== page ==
One of the most common reasons seen in the office for chronic cough is chronic sinus and nose inflammation. This condition has a long and complicated name, chronic rhinosinusitis, but let’s just call it CRS. CRS is much more complicated than most people think and explaining it may be just as tough, but here goes.
CRS may occur with or without polyp formation (tiny, benign growths in the nose and sinuses), and some patients, especially those with polyps, may worsen their condition when they take aspirin. What is interesting in CRS is that the inflammation in the nose and sinuses seems to occur because of a chronic inflammation that once started is difficult, if not impossible, to stop. This is no small problem in the US where approximately 31 million patients are affected at a cost of 5.8 billion dollars a year.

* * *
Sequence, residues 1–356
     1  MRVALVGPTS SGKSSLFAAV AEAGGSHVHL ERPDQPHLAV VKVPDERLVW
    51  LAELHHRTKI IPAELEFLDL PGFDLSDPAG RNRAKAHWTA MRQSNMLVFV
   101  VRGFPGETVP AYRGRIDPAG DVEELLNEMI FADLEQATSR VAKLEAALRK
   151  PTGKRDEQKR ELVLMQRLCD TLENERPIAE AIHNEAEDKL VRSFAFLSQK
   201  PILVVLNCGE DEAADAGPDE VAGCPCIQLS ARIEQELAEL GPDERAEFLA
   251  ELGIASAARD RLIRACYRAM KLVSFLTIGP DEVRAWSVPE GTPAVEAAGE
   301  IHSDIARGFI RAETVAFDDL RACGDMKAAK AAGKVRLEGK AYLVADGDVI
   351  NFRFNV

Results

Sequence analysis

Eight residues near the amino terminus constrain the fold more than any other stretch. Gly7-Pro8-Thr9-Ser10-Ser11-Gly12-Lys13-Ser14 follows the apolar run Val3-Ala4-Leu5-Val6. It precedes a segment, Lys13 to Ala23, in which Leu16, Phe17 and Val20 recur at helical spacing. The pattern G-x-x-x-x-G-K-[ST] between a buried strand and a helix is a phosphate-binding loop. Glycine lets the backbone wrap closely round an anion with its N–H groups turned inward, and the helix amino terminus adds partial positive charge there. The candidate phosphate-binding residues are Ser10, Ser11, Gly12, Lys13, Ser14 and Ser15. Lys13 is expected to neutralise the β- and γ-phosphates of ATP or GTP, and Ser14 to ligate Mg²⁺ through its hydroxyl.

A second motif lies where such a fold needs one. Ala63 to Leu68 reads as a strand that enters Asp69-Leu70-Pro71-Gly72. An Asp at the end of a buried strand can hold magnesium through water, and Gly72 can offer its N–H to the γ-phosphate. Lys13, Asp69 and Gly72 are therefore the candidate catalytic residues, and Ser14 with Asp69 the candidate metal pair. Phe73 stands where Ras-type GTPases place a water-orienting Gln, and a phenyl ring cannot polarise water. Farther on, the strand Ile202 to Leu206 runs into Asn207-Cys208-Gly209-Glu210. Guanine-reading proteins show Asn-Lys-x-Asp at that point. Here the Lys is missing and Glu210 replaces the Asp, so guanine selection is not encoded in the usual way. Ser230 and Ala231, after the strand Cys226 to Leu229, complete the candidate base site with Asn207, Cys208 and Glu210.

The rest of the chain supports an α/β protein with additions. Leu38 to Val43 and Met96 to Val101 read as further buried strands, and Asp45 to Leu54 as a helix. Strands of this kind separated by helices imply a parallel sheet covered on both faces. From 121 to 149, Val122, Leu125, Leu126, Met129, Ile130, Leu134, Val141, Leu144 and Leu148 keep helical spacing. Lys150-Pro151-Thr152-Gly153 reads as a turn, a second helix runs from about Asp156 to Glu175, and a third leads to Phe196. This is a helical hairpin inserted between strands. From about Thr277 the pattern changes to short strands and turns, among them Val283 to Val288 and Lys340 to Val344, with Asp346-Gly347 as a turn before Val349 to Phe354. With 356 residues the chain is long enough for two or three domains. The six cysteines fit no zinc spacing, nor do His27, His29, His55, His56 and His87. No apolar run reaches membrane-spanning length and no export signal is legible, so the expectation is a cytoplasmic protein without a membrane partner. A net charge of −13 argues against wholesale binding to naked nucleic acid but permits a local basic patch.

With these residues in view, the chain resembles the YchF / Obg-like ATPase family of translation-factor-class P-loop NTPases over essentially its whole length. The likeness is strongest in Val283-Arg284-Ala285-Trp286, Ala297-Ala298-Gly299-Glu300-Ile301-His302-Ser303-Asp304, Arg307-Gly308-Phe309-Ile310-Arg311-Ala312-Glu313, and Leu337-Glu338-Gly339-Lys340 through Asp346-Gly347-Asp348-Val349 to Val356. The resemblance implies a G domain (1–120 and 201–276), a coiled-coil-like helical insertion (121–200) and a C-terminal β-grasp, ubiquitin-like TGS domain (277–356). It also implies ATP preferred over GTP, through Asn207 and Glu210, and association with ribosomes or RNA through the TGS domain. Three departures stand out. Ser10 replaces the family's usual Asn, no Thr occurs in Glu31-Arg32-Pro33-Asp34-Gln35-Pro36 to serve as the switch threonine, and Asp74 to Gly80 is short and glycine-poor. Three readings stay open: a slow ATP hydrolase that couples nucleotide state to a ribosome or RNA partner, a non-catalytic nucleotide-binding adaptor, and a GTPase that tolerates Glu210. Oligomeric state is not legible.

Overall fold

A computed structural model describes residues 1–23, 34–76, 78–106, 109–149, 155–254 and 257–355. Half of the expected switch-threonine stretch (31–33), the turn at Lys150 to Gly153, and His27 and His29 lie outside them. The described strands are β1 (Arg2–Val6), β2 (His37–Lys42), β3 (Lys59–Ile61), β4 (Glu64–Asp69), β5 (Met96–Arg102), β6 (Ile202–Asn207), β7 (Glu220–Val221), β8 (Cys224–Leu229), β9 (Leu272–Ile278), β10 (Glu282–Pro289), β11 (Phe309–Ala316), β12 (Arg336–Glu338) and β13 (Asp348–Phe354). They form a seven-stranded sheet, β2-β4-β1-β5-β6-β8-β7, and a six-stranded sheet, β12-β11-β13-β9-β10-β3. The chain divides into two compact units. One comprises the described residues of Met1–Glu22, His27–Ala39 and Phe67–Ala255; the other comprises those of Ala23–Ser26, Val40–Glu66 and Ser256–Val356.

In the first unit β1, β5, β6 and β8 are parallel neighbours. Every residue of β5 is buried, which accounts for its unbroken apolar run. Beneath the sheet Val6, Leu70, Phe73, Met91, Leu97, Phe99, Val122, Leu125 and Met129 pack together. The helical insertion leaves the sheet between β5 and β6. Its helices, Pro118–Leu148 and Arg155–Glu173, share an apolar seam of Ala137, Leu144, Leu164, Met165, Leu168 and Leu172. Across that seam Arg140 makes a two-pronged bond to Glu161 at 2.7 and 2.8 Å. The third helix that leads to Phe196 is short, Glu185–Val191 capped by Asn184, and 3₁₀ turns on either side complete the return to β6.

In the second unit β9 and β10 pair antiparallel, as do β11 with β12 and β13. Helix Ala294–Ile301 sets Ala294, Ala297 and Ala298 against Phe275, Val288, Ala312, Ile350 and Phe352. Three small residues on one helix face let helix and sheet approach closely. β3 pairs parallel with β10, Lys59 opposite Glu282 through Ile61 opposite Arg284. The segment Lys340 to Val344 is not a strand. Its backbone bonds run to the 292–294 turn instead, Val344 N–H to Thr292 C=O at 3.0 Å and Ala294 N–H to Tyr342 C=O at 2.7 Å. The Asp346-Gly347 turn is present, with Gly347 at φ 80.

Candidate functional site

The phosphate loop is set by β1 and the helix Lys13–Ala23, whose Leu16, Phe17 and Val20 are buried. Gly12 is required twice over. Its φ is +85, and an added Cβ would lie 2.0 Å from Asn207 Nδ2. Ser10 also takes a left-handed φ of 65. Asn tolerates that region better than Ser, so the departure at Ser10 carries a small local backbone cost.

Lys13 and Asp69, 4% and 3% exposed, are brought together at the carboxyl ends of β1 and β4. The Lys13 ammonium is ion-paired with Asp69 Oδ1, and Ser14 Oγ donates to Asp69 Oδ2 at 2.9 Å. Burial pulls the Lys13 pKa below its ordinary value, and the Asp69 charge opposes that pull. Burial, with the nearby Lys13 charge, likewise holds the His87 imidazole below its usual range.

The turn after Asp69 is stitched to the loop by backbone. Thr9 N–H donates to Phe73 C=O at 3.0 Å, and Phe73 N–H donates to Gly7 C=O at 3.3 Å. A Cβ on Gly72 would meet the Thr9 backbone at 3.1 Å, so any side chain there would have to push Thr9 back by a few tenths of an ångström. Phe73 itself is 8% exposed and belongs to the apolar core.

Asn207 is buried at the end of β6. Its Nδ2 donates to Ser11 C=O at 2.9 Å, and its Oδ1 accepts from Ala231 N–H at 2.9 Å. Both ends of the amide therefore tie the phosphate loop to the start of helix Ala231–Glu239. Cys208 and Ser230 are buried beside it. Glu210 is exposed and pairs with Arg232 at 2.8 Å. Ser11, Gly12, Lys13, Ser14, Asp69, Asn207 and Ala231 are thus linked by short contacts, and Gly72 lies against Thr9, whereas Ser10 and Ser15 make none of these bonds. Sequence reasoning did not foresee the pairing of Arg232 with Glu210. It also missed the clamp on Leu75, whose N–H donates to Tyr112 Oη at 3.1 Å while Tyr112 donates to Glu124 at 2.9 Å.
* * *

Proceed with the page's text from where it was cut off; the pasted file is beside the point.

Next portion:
CRS is often associated with lung disease, such as asthma. This is why I often have patients get a CT scan of their sinuses as part of their asthma workup to see if CRS is a complicating factor in their cough symptoms. As I mentioned, some patients with CRS and polyps should not take aspirin or drugs like aspirin. The mechanism is not clear but these patients will have a significant increase in inflammation in the nose and sinuses and may have serious problems with their asthma when they use aspirin.
Treatments can help CRS but, like many chronic diseases, there is no current cure. However, research continues into this important health problem.